Saftu has threatened a national shutdown should bus companies not heed striking workers' demands by the end of the week. Picture Cindy Waxa/ANA

Bloemfontein - The SA Federation of Trade Unions (Saftu) has on Tuesday, threatened a national shutdown should bus companies not heed striking workers' demands by the end of the week.

Addressing Saftu's main May Day rally in Bloemfontein, its president Mac Chavalala said the companies were holding workers and commuters hostage.

"Saftu will not fold its arms and watch while you continue to exploit our people. We are giving you five days to respond positively to our demands, because we believe the workers' demands are reasonable," said Chavalala.

"Should you not respond accordingly, Saftu will mobilise for a solidarity strike very soon and bring this country to a standstill.....you should by now know what Saftu is capable of doing. We expect you to settle as in yesterday...our people are tired of being held hostage by your delaying tactics and arrogance."

The bus strike entered its third week on Monday, leaving thousands of commuters stranded across South Africa.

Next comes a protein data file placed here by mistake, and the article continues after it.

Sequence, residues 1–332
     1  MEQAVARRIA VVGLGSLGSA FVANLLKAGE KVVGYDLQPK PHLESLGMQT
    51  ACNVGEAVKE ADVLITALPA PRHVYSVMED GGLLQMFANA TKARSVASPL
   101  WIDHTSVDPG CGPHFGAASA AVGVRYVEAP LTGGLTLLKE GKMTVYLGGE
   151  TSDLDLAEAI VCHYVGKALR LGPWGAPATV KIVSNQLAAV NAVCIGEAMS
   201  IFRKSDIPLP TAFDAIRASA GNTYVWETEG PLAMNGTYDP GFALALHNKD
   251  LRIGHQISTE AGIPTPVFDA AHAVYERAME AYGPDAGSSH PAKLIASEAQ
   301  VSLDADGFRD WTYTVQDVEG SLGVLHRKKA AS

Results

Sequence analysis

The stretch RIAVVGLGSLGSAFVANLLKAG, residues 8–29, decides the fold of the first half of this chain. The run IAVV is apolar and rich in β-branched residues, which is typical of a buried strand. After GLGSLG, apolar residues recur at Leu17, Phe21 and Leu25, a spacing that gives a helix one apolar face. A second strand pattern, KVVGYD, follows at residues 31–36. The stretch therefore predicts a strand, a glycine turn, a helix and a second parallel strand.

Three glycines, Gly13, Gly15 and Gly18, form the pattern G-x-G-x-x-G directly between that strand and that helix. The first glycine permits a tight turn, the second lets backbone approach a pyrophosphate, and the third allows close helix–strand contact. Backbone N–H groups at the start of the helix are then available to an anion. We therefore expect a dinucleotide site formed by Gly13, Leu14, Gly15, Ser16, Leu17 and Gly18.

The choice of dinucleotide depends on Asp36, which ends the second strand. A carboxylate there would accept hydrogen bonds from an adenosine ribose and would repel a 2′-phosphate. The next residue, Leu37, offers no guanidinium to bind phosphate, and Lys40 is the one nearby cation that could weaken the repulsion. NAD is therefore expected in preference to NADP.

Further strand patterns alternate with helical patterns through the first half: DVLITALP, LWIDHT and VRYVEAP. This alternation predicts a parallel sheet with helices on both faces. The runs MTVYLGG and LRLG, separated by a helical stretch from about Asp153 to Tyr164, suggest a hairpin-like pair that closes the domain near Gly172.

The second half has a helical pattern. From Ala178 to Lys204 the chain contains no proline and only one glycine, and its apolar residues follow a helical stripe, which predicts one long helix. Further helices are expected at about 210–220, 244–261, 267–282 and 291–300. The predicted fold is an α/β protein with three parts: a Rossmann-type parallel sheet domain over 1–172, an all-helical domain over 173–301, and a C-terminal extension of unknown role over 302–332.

Workers affiliated to the SA transport and Allied Workers' Union (Satawu); the National Union of Metalworkers of South Africa (Numsa); the Transport and Omnibus Workers Union (Towu); the Transport and Allied Workers Union of South Africa (Tawusa); and the Tirisano Transport and Services Workers Union downed tools demanding an initial 12 percent salary increase across the board, while employers offered seven percent. 

Other issues in negotiations included driver over-time and night shift allowances.

Negotiations deadlocked last week. Transport Minister Blade Nzimande and Labour Minister Mildred Oliphant's efforts to intervene and resolve the impasse drew a blank.

The bus companies tabled a revised nine percent offer, adding that the unions' 12 percent demand was not affordable.

African News Agency/ANA